While Liriano was out, the budding baseball researcher part of me came to terms with the fact that maybe the magic had worn off. The Twins fan in me refused to accept this. I had seen the decline of Dontrelle Willis with my own eyes, and I knew from books that Mark “The Bird” Fidrych turned into a pumpkin seemingly overnight, so I kind of knew what to expect when Liriano came back – he would be a completely different pitcher than the one I had known in 2006.
I came to terms with the fact that Liriano was mediocre. Great some nights, sure, but awful on others. You never felt cheated when you got tickets to a Twins game and Liriano was pitching, because you knew he could be great, but if he gave up seven runs to the A’s in four innings you would just have to say “That’s Liriano, you never know what you get” and move on. The stuff wasn’t the same. As of right now he is the longest tenured pitcher in the Twins’ rotation (not that Scott Diamond and Sam Deduno are much competition), but only if you are willing to overlook his bullpen stint early this season where he went to clear his mind.
That is the Liriano Twins fans have come to know. This year he had a dominant spring training where he looked like he was back. As soon as the regular season started he was pretty terrible, he went to the bullpen for a spell, which wasn’t even average, and since coming back into the rotation he has been pretty darn good. His past two starts before Monday night were actually really good, striking out 15 and 10 and in the earlier start inducing more swinging strikes than any major league pitcher in a game since Johan Santana wore a Twins uniform.
Twins fans, myself included, had hope that Liriano had as much value now as any pitcher available on the trade market (obviously he is no Cole Hamels or Zach Grienke, but I would bet good money Liriano gets traded, the other two, who knows?). Make no mistake I hoped he would get traded, the Twins need any kind of minor league depth they can get, and Liriano is the best hope for that. I read on twitter about the scouts from the Blue Jays, Braves, and it seemed every other team still in the hunt who had attended his last starts. Even tonight when I heard it was a full house in Chicago where Liriano was pitching, I made a joke that of course the seats were full, scouts from every team were going to be there.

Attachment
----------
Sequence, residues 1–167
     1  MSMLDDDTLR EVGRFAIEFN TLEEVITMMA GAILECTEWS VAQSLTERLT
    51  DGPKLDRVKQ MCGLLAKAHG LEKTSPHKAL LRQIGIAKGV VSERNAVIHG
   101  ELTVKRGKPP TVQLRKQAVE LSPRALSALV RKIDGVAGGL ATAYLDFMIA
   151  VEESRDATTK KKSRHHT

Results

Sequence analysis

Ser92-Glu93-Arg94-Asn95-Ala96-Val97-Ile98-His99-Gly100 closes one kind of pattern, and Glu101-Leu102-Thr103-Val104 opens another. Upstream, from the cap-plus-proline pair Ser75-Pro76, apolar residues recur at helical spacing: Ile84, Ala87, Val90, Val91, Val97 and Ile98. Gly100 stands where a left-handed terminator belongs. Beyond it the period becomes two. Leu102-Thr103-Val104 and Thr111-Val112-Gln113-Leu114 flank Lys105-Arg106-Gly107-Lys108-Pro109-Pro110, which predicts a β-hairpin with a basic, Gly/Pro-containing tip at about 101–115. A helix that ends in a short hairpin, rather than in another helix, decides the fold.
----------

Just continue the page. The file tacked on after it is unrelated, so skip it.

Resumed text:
So what did Liriano do tonight? He crapped the bed. I suppose I should have Anthony LaPanta was calling the game for the Twins as a bad sign, but seven runs in 2.2 innings was really, really bad. Of course even before tonight he was completely capable of self destructing in a game, but if Terry Ryan was talking to the GM of desperate team he could point to the fact that the last “bad Liriano” start was before he did his time in the bullpen, and he has been a changed pitcher since then.
It turns out that Francisco Liriano is the same pitcher Twins fans have known for the past five years. When traded, he won’t bring a package of prospects who will turn the Twins farm system around, starring next to Byron Buxton and Miguel Sano on the teams I will cheer for in years to come. A part of me wants to keep him, because the magic could always come back, but after five years of waiting… it just doesn’t look promising. There is just too much history between Liriano and Minnesota. Throw him into a pennant race somewhere else. Let him start a playoff game in the National League. Let some other team and city hope that they get the “good Liriano” on any given night. Twins fans and Liriano just have too much history. He was the first absolutely electric prospect I rooted for, but at some point you just have to move on. Mark Fidrych was only “The Bird” for one season, as far as I’m concerned the Twins are playing with house money, and It’s time to cash in.